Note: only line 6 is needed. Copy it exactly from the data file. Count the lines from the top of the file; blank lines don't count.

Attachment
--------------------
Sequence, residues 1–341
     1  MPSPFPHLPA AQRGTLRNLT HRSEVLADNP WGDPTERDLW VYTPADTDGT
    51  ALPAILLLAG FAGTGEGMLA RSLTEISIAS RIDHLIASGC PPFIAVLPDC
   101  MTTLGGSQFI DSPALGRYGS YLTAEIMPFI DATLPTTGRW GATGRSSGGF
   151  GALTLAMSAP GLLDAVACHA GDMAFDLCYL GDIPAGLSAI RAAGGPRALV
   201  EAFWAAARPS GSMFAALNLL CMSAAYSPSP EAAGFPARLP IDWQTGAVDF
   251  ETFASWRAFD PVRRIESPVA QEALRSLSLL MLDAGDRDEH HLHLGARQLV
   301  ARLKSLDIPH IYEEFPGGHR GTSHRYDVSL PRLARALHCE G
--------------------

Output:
   201  EAFWAAARPS GSMFAALNLL CMSAAYSPSP EAAGFPARLP IDWQTGAVDF